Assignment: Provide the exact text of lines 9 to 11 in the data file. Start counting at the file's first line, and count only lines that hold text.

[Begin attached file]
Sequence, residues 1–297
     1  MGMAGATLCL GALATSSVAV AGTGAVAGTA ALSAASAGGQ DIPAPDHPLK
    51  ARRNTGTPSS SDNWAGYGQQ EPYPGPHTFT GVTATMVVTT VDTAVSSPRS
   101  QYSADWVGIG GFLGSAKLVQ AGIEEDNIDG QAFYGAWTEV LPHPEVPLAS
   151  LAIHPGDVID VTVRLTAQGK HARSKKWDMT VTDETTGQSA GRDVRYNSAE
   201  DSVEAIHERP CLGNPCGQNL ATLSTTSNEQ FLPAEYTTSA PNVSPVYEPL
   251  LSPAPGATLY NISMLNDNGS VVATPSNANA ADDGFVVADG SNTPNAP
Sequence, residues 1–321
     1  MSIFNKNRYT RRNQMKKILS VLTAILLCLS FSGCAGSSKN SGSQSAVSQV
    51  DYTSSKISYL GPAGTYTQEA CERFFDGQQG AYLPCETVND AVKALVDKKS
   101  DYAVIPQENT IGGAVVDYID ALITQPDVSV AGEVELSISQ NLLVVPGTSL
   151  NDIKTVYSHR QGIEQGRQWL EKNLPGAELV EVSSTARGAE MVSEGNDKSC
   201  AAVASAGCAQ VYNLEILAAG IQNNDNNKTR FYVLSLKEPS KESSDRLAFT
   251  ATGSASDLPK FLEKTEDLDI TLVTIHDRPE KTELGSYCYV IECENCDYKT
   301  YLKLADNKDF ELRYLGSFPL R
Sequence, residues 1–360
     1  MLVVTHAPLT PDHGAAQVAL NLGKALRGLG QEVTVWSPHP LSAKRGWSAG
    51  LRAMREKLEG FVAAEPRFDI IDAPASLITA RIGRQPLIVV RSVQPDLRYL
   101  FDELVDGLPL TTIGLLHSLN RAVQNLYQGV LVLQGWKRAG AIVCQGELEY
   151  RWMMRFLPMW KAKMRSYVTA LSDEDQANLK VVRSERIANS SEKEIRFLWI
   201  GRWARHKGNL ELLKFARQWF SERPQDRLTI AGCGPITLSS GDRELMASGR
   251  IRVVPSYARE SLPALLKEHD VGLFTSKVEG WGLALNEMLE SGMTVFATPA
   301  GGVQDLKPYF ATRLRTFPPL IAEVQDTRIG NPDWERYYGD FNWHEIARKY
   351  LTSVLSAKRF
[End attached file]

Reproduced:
     1  MSIFNKNRYT RRNQMKKILS VLTAILLCLS FSGCAGSSKN SGSQSAVSQV
    51  DYTSSKISYL GPAGTYTQEA CERFFDGQQG AYLPCETVND AVKALVDKKS
   101  DYAVIPQENT IGGAVVDYID ALITQPDVSV AGEVELSISQ NLLVVPGTSL